Watchy is the Arduino Project You've Been Looking For
Watchy is an exciting Open Source E-Paper Watch, based on Arduino and the ESP32 micro controller.
I’ve been a fortunate early backer, and doubly fortunate to have been part of some of the early waves that already have their physical Watchy. The component shortage has impacted the whole industry, and SQFMI is no different. However, the great news is that supply has opened up and SQFMI is currently in the process of shipping another huge wave of orders with more to come next month.
What’s cool about Watchy?
Have you ever thought it would be cool to design your own watch face? It is :) This is essentially all the code it took for me to implement my favourite watch face - Watchy PowerShell :)
Watchy is based on E-Paper, so it uses shockingly little battery. My Watchy lasts 5 days on a single charge. There are even some experiments to its open source code base to improve this even further - for example, going into a super deep sleep when you’re sleeping.
I’m also amazed at how approachable it is from an Open Source perspective. With many open source projects, getting familiar with the code base can almost turn into second day job. But with Watchy, the vast majority of its code is about 1,000 lines of C/C++. You can read through it all in one sitting and know exactly how your watch works. No complicated logic hidden behind servers that will eventually be retired, no naggy notifications, nothing extraneous.
The Arduino project you’ve been looking for
Despite how cool Watchy is as a watch, I would not recommend getting it for “just a watch”. The reality is that it’s an open source hardware project. Putting a new watch face on requires that you know (or are willing to learn) some of the Arduino toolchain. The community distributes watch faces as GitHub links, so you’ll need to know (or be willing to learn) a bit about downloading code from GitHub.
But this, in my opinion is one of the things that makes Watchy extra cool.
When you try to learn about Arduino projects online, it’s hard to find things that go much beyond making an LED blink.
With Watchy, you get the opportunity (not requirement) to play with an Arduino project that interfaces with a real microcontroller, has GPIO pins that actually do things, and gives you the opportunity to understand how physical and digital systems interact.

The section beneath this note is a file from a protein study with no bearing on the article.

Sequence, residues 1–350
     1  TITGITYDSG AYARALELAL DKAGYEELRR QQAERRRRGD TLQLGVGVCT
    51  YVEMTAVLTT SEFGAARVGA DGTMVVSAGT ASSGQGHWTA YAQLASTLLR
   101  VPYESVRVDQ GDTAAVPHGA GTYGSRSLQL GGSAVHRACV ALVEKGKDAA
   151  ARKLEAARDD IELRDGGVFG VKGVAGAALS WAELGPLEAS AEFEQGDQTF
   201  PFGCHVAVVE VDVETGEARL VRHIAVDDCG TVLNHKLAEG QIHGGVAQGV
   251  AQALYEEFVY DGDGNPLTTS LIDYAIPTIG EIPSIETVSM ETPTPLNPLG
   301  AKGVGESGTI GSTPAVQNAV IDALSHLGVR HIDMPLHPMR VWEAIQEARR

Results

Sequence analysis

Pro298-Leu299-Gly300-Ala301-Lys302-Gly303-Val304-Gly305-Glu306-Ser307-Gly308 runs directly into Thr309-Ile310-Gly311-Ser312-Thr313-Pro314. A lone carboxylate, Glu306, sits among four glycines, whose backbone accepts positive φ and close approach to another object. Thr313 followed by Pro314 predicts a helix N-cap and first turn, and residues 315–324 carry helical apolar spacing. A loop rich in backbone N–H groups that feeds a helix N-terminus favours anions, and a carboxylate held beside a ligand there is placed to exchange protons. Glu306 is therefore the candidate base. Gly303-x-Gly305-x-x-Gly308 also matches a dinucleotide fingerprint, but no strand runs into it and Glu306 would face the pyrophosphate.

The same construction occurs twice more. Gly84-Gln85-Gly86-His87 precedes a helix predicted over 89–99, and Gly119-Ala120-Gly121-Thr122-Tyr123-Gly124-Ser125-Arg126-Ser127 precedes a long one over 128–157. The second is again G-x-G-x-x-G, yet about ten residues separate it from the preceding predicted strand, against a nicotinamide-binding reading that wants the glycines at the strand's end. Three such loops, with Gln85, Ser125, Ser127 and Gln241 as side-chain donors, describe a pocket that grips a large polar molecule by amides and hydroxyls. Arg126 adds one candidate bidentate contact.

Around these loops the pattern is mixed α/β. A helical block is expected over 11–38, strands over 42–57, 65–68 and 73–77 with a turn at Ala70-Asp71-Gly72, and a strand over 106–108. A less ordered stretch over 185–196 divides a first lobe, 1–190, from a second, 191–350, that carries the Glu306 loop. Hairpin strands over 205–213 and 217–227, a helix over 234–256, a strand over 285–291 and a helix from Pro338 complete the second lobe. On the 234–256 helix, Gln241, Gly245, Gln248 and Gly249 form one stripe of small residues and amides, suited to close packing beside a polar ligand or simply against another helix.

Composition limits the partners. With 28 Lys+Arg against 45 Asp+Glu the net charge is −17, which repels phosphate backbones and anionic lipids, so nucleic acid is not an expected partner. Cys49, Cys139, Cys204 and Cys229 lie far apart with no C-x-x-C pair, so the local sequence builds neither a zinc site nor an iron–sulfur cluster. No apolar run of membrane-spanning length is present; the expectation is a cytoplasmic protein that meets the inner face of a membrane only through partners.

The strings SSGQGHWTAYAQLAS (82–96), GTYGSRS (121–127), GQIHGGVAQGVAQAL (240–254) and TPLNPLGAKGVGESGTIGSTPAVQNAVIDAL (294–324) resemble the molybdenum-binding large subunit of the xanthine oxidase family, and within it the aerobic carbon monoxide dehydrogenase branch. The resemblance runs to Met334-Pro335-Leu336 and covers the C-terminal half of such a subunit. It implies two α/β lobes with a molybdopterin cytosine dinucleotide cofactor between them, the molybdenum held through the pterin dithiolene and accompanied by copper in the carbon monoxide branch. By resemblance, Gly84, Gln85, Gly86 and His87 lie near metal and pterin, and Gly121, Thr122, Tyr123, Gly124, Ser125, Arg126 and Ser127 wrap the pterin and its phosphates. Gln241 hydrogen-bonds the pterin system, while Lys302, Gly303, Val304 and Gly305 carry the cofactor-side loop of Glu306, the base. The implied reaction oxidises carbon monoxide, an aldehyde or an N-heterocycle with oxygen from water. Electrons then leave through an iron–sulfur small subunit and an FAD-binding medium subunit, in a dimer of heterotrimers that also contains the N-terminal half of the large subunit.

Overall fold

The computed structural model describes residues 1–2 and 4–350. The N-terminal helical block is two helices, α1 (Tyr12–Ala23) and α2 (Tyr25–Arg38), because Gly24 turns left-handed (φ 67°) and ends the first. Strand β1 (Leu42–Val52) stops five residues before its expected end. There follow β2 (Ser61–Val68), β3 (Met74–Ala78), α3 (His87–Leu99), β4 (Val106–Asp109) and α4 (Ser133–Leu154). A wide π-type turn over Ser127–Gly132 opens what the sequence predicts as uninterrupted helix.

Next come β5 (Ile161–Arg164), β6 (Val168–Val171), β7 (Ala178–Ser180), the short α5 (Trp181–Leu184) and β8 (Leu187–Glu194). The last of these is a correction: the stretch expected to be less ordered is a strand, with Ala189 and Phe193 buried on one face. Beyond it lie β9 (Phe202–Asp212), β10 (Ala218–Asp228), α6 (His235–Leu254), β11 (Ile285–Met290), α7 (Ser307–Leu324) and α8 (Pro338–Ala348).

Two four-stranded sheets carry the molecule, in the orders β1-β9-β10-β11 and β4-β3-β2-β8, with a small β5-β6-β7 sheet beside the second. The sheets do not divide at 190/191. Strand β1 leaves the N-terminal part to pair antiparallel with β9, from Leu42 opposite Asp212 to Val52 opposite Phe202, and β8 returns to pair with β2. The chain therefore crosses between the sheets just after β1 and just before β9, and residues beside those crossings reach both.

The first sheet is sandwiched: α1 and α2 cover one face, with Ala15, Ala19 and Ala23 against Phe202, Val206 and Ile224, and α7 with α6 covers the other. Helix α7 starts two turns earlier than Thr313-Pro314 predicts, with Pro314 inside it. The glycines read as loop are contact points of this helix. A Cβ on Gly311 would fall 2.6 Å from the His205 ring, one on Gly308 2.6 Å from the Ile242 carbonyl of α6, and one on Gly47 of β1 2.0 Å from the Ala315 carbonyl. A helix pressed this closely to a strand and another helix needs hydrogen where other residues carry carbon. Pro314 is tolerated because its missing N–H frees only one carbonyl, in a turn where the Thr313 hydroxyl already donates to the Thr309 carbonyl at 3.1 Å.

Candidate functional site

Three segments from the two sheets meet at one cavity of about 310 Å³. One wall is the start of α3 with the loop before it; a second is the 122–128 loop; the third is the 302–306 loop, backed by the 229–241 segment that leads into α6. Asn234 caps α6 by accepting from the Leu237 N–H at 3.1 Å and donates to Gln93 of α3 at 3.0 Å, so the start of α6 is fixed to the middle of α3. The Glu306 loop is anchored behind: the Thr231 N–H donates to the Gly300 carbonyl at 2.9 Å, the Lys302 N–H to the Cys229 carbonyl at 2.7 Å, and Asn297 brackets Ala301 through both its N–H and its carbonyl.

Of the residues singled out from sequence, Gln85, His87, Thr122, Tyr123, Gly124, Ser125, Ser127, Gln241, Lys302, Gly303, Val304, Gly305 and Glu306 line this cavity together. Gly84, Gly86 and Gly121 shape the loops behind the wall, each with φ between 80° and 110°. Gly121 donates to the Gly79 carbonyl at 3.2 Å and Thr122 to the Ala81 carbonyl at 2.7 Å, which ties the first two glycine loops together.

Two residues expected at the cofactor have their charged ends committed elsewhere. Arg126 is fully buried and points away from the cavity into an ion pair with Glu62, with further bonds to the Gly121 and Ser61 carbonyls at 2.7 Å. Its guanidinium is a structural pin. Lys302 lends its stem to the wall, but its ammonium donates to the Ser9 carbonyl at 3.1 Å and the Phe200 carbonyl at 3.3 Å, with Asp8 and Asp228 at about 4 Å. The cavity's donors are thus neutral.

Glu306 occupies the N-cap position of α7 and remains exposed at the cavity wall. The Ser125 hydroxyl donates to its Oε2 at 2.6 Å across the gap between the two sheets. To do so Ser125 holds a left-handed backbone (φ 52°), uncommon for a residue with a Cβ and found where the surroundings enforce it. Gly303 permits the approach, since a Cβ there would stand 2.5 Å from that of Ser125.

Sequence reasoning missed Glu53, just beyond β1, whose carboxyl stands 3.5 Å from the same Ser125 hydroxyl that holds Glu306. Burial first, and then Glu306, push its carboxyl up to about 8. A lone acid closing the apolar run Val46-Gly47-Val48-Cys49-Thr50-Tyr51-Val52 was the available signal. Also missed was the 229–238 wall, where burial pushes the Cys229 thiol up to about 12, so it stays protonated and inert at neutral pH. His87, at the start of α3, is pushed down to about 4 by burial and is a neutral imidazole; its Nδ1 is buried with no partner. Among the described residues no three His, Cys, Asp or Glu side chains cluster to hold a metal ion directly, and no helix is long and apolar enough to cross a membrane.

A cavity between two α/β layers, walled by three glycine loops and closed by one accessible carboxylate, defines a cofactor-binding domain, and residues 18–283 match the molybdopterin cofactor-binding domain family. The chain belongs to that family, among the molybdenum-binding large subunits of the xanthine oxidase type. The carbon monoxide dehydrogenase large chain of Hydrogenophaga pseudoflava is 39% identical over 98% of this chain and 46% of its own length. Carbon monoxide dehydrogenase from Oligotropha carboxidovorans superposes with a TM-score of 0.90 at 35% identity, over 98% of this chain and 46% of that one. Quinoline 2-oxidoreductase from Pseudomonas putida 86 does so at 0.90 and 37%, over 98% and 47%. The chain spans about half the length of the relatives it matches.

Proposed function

One great example of this was my Watchy not showing the battery as being full even though the charging circuit knew it was. Digging into this, I got the chance to see how Watchy was reading the voltage from the Analog-Digital-Converter (ADC) pin attached to the battery. I then got to explore the ESP32 microcontroller data sheet to understand how it does the ADC conversion, learn more about battery discharge curves, and then ultimately that the microcontroller has an explicit function designed to return the millivolts left in the battery based on factory calibrated data. Super cool! I was about to submit a pull request to improve the built-in functionality, but somebody from the community had already done it :)
Use WatchySim to more quickly design watch faces
While it’s super cool to be able to interface with hardware - once you start designing your own watch faces, Arduino does start to slow you down. Arduino takes a few minutes to compile and upload a new watch face, which can feel like forever if you just want to see if you’re positioning some numbers in the right location.
Most hardware projects improve this through computer-based simulators, but there wasn’t any for Watchy. After looking at the source code for a few watch faces, I realized that most don’t truly need a full-fledged Arduino + ESP32 + Bluetooth LE + WIFI + Weather API simulator. They just need something that can fake out what the Watchy SDK exposes. From that idea, WatchySim was born.
It grew very quickly (including major contributions from Paul Niven), and now is capable of simulating most Watchy watch faces without changes. It’s distributed as a source-only release, since source code is the distribution method of Watchy watch faces. It compiles and runs perfectly under the free Visual Studio Community Edition.
Getting your own Watchy
I’ve had many smart watches, and Watchy is the most fun I’ve ever had with one. SQFMI uses Mouser to fulfill their orders: https://www.mouser.com/new/sqfmi/sqfmi-watchy-kit/. The component shortage continues to be a challenge, so they’re not yet at the “Buy it Now, arrives on Tuesday” level of supply. But they are shipping, they are real, and they are fun. If you’re willing to be a little patient, I would really recommend checking them out!